I contend that God's bringing dead people back to life is not the only way He could miraculously bring someone to being able to meet the necessary conditions for salvation. He could also, at the moment of any person's death, work a miracle by having one of His saints on Earth, or maybe even one of His priest saints in Heaven, sent just long enough to administer to that person the Sacraments of Baptism or Penance. In such a case, the deceased would have truly, albeit miraculously, met "in his or her lifetime" all the requirements of even Fr. Feeney's strictest interpretation. Such an event could happen in a split second, so fast that human bystanders would never know that it occurred.
Of course, no one has to believe that any such miracle has ever happened or will ever happen. But, it seems to me, that all Catholics must at least believe that such a miracle could happen. And, therefore, if such a miracle could happen, we may all pray for them to happen, especially (in these days) for all the millions of babies so cruelly aborted.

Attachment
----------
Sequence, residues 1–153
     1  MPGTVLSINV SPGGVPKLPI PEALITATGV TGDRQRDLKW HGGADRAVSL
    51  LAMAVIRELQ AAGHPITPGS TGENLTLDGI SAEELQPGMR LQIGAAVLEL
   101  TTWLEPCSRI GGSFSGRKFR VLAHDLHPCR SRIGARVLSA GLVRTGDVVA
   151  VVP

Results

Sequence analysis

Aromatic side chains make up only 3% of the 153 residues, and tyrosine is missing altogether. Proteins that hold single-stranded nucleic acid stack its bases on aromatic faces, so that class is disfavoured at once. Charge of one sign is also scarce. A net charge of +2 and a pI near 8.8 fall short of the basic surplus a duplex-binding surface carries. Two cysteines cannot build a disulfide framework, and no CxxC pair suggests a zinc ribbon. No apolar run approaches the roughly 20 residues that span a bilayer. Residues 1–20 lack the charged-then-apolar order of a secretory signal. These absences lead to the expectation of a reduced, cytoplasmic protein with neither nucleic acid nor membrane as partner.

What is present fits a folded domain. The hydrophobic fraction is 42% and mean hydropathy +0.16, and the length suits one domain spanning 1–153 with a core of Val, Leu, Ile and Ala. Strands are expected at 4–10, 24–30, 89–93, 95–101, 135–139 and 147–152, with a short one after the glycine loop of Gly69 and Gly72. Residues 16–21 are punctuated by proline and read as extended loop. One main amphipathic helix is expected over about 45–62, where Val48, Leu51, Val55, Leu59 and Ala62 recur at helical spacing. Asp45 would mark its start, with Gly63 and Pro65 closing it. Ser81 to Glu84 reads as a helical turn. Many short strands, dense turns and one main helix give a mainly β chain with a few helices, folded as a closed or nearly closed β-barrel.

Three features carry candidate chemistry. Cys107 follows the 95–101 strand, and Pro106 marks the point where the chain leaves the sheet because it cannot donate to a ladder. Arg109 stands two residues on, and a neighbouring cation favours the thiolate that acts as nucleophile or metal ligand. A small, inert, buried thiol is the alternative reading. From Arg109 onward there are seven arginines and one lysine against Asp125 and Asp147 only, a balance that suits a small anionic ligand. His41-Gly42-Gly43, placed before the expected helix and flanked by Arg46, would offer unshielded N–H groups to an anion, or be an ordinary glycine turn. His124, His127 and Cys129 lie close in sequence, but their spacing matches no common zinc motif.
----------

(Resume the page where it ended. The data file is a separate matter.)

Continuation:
There can only be, I think, two counter-arguments: 1) God has revealed, or the Church has taught, that there can be no supernatural administrations of sacraments and 2) God has revealed, or the Church has taught, that the sacraments may only be administered by persons naturally on the scene and/or not yet dead.
The burden of proof, however, for establishing these counter-arguments would lie with the opponents of my hypothesis. They, after all, would be the ones arguing that God cannot do something, that God cannot work a certain kind of miracle. If, though, God can cause such a miracle, then there is no reason for anyone's despairing of the salvation of any aborted foetus, or of the salvation of any upright non-Catholic, or even of any mortally sinful Catholic.
Of course, no Catholics would dare presume that God will work such a miracle for anyone. The regular, naturally administered sacramental economy of the Church is the only thing we are assured can bring us to salvation. But just knowing that a miracle can happen allows us to hope and pray for anyone's salvation.
Apparently, the position expounded above is no different from that of Fr. Feeney's followers.
Click here for the exchange of letters
I had with Fr. Feeney's followers at the St. Benedict's Center.